Custodian Editorial: The Importance of History

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“History shall be kind to me for I intend to write it“ -Winston Churchill

I once interned at a publishing company in Lagos and during this period, I learnt about one of the great Nigerian failings: a poor maintenance culture and the depreciation of history.

At the time, this firm was working on an essay collection. Some of these essays were published in some of the most popular publications in the nation in the 80’s. The firm wanted to republish these essays and wanted them in original form. They commissioned researchers, sending them far and wide to scour the nation’s largest libraries for these pieces. This was eventually unsuccessful and the firm had no choice than to drop those articles. This experience taught me to appreciate the numerous books and newspapers my father kept in his library which I had come to view as junk.

What makes this more galling is that, this was in the pre-Internet age which means that these articles and other historically relevant materials would probably never be accessed again. I remember reading a review of Oluremi Obasanjo’s account of her life as President Obasanjo’s first wife in which the reviewer advised that our leaders and members of the older generation cultivate a writing habit that would help shed light on so many issues and factors that have shaped our growth and development as a nation as they would be key in defining our identity and its origins for generations to come. We are nothing, if we don’t know how we got to where we are.

One of the great pitfalls of poor historical documentation is that it allows for Revisionism. Hindsight is a beautiful thing, it allows us change our tunes to pontificate the undeserving. It allows us to misinterpret nuances in a way that would conform to what is socially desirable. Reading old magazines and newspapers has taught me how important it is to understand issues and the context surrounding them. It teaches the importance of gauging the public reaction at the said time instead of relying on hearsay. You know what they say about seeing and believing.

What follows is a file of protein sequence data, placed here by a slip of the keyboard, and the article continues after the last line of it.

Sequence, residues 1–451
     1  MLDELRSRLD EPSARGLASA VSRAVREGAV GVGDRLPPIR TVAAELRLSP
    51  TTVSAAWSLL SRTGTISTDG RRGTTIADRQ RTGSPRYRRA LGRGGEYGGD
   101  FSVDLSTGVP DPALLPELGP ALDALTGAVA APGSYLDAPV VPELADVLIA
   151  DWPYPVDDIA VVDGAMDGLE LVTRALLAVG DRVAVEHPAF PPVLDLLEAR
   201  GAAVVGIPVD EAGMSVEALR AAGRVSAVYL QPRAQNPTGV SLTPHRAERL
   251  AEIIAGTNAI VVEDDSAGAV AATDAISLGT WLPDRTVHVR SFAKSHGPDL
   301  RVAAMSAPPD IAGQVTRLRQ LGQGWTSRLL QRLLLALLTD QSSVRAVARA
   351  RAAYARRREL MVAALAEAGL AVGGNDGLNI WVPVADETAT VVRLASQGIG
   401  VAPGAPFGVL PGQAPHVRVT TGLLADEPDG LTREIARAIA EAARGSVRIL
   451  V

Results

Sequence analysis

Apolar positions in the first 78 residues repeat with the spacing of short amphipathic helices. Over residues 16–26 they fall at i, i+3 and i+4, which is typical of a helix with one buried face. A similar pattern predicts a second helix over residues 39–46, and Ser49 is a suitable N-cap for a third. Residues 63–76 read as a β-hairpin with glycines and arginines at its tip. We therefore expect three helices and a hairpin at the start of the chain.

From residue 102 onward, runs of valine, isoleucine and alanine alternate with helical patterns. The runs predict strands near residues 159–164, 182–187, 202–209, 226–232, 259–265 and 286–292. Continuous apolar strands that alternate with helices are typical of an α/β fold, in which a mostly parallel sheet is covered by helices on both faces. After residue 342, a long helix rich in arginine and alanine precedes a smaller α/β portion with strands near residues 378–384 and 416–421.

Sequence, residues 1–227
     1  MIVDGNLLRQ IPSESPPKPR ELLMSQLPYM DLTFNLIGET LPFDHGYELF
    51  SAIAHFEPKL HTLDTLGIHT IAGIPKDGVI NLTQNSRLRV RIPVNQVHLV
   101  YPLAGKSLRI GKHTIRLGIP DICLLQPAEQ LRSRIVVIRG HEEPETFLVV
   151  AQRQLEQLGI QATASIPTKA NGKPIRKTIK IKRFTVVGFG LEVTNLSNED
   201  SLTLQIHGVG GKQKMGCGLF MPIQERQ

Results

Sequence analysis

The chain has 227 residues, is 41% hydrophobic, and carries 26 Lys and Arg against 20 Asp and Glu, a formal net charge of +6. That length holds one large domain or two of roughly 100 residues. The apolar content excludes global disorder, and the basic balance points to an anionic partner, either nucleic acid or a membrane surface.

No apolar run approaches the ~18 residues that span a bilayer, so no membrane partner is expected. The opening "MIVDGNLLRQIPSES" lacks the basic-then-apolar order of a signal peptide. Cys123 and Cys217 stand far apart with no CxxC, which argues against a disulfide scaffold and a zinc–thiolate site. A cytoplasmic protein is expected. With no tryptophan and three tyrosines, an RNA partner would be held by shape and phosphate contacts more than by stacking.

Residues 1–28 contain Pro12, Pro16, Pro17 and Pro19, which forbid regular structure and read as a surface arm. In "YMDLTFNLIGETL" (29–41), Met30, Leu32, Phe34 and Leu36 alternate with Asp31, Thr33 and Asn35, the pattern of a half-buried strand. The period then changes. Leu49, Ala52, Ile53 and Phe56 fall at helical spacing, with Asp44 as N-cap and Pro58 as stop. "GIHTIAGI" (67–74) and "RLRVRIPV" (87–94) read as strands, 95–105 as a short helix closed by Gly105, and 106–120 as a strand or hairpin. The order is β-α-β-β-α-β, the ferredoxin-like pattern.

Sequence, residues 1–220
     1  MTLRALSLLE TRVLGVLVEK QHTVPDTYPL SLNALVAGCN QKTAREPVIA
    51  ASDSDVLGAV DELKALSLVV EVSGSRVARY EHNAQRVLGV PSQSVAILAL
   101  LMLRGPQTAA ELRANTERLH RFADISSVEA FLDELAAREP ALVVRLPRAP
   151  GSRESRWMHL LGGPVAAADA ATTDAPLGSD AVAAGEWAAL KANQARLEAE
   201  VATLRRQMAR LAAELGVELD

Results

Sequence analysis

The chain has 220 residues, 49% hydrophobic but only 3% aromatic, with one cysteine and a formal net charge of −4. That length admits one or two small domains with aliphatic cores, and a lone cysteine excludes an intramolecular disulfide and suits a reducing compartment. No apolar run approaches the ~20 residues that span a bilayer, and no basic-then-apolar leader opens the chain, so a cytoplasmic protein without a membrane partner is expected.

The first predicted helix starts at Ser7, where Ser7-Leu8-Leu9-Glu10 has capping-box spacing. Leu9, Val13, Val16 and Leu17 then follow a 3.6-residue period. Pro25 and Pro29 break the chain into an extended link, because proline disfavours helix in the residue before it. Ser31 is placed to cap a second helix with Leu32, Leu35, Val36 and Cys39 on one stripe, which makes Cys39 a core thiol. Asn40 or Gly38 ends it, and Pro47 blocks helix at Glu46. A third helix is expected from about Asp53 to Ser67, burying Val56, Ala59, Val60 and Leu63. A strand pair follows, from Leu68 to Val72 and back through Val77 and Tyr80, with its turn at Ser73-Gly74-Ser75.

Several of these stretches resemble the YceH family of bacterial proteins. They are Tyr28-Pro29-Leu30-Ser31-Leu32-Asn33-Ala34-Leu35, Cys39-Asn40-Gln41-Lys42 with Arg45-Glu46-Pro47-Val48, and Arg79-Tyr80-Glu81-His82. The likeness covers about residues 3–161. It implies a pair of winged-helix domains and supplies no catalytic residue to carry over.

We live in a culture of now, a society where every little issue is subjected through the microscope of the public. When we aren’t tweeting our thoughts, we’re calling in to radio shows to debate them . I once had the privilege of going through a private collection of Thisweek magazine (Nduka Obaigbena’s 80′s publication) and I regard it as providing the foundation of whatever understanding I hold of pre my birth Nigeria. It allowed me to witness the immediacy effect and the condemnation that followed IBB’s Structural Adjustment Programme whilst also helping me understand what that generation felt. Fortunately for me, this belonged to a family member. Based on this, I clearly am the exception. What understanding of our parents and grandparents Nigeria do the not so lucky of my peers hold?

As a people, our history defines who and what we are. It is our identity. It is what would define how future generations view those before them. Our history helps us fulfill one of our greatest desires as human beings; uniqueness. Most African Americans have an understanding of the Slave Trade and how their forefathers were forcefully made subordinates to the white man on the daft basis they were inferior. They understand that this set back the development of the Black race by creating obstacles that we are still smarting from today. It is for this reason, Barack Obama’s ascent to US President was so profound. It was a step in the right direction. Not every member of the ‘Obama’ generation was subjected to racism but with the way it was celebrated, one would think we were all born when Emmit Till was stoned to death. One would think we all sat down on that bus with Rosa Parks or marched with Martin Luther King. The racism of years past is something that defines the Black race. It is with sentiments like this, I fear for what would become of the Nigerian story.

I rewrite this article in the wake of the Half of a Yellow Sun film debacle. I’m lucky to have seen the film already. (Thank God, I still live in England). The film is important because it captures Nigeria at its lowest point post Independence. The publication of Chinua Achebe’s ‘There was a Country’ was important in resurrecting the topic of that War. That was a great starting point. The Adichie film is great in the advancement of this education process. It can reach a greater audience than the Adichie and Achebe books. There are more people who don’t particularly read or enjoy reading. The Accountant type (If you didn’t know, they are more suited to crunching numbers) friend I saw it with was on Google and Wikipedia researching on the deeper significance of the war before the movie even ended. When and where does the censorship and airbrushing of history end? As it is, the War isn’t even covered in our School curriculum. That is no way to go.

How can we possibly appreciate some of those things that got us here when they’re so poorly documented? How can one appreciate the beauty of 30s and 40s Lagos if Wole Soyinka doesn’t articulate it like he did here? How would the generation to come understand the failings that plagued their grandfathers if Chinua Achebe didn’t document it in ‘The Problem With Nigeria‘?

Documenting our history is something we have to take on board more in order to ensure that the work of our forefathers is not in vain. Preserving it is also something we need to work on.

Portions of this essay were originally published on Bella Naija on September 13th 2012

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